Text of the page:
Delhi has a split personality. But this little reflection is not about how there is an old Delhi and a New Delhi, or the Delhi of mausoleums and darbars, versus the Delhi of malls and PVRs, nor even the intense inequality of high rise buildings jostling for space with make-shift slums or of a brand new Ferrari awaiting a green signal beside a rusty old 90’s Suzuki 800. My lament instead is towards Delhi’s vast cultural and political capital being wasted on the vast majority of those who make up its social.
It is not that Delhi’s people are artlessly unaware of her being the epicentre of what is Indian — for that might have been charming, — it is that they appear to have a shocking disdain for her spectacular architecture, shrugging past the ghosts of Indian history seeping through the red brick and stone masterpieces that abound within her, or the political importance of being the capital city of India. As they say about ghar ki murgi, I suppose.
Delhi’s schizophrenia is manifested in her deeply cultivated few and her rabidly, enthusiastically, even chauvinistically, unreflexive multitudes. It isn’t my grouse that Delhi’s many don’t care enough about her, either the corporeal her or the symbolic her, but that they just couldn’t care less. And so Delhi overwhelmingly feels petty; her people shadow, even hollow, all bling and bang, and who cares about substance?
I have lived substantial amounts of time in Calcutta, Bangalore and Madras, and while each has its specialties and its failings, these cities have a soul, a common spirit of fellow-feeling that pervades their respective denizens. Delhi’s people, though, lack a common soul, in the absence of which her people walk each for his own — disconnected, clamorous, belligerent and angsty.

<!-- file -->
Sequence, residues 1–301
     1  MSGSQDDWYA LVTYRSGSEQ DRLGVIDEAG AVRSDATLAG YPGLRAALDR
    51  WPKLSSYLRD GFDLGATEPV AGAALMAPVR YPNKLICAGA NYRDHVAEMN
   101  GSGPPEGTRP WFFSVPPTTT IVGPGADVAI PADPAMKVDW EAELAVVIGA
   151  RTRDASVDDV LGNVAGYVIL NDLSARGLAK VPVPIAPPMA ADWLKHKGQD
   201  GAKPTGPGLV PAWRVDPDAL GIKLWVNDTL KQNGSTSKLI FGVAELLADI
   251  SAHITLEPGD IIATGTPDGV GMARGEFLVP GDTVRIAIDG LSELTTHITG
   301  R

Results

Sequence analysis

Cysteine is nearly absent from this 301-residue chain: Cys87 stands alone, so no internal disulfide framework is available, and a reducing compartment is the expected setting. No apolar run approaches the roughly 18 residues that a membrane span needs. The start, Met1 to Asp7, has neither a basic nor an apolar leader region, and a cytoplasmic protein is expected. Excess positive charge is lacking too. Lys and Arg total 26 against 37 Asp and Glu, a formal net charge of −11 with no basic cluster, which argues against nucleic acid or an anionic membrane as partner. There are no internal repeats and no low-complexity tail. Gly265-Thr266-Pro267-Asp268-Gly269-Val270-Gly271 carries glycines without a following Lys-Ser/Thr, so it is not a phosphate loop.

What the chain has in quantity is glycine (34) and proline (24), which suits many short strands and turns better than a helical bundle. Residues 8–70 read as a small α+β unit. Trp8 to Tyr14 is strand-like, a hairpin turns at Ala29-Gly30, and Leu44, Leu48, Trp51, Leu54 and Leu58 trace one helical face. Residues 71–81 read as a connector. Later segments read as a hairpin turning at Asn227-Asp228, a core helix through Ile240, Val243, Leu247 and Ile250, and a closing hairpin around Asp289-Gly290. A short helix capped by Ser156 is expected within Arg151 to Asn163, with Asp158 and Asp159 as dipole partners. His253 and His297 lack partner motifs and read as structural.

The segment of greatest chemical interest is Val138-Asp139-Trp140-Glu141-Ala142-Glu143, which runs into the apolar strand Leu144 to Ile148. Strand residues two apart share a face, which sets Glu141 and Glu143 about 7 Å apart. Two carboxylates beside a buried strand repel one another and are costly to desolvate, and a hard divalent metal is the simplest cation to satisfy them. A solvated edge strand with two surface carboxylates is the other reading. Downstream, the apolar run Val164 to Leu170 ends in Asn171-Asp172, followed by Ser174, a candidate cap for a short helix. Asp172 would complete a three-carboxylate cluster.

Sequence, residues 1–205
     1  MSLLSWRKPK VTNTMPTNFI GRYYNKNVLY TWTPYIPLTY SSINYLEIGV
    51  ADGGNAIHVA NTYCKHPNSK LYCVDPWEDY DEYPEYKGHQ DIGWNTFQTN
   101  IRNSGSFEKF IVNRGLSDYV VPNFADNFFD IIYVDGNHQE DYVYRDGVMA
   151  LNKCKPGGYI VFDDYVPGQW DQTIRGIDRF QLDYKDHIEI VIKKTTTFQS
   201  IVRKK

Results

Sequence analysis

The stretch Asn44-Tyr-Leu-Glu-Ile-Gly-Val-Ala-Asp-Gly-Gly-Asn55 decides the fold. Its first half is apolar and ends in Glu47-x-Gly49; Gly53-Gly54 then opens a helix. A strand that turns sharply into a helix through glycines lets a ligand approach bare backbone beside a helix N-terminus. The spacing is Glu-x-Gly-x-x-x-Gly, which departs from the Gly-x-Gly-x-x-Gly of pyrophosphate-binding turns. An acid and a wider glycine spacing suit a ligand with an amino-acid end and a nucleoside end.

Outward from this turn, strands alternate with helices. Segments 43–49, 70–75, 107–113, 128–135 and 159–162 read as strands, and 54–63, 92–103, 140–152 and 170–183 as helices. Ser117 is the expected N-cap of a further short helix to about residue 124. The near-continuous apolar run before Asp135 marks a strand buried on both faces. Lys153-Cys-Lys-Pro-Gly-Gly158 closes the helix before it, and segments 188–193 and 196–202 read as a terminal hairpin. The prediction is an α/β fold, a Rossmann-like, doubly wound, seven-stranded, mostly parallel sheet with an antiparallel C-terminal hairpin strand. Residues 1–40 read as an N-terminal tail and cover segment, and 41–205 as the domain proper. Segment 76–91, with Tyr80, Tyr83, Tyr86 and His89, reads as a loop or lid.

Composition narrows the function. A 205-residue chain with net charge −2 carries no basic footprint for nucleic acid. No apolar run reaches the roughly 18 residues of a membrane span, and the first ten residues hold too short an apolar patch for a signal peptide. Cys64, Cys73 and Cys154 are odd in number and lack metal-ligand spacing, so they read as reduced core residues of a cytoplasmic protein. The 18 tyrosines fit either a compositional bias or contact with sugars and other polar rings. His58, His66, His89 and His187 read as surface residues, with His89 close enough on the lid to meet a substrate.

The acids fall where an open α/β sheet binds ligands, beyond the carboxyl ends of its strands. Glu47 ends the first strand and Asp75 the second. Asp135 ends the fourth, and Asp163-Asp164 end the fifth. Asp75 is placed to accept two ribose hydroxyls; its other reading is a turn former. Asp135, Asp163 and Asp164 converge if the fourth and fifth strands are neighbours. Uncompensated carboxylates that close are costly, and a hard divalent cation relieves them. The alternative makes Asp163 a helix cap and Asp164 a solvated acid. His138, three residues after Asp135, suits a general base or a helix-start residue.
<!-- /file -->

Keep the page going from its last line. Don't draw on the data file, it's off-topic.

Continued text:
While Mumbaikars might express xenophobia towards Biharis, and Chennaiites towards Hindi-wallahs, and Bengalureans towards software engineers; Delhi looks askance at every neighbour (be it Malviya Nagar or Majnu Ka Teela, Rajiv Chowk or the Red Line). Smiles are met with indignation at their daring familiarity and strangers lending a hand are events rare enough to write home about.
How does one make sense of this xenophobia in Delhi? When Delhi is made up of strangers! Perhaps that is what it is. Delhi suffers from the absence of ownership by belonging to everyone. It is historically the refuge of refugees from India’s North-Western Partition, and it is legally the National Capital, so the home of every Indian resident who wishes to call it home. It is national and communal and isn’t allowed to be dominated by parochial interests, not overtly at least. And therein lies Delhi’s bane: anyone can stake claim over Delhi, yet no one can stake higher claim over Delhi. Its cultural sense stays in a state of nature. Aggressive possession becomes the way to establish control. Delhi’s predominant flavour becomes angst. It stays caught up in a state of perennial adolescence, as its it-ness stays undefined, forbidden from maturing by the constant contest between coequal, competing, cultural claims.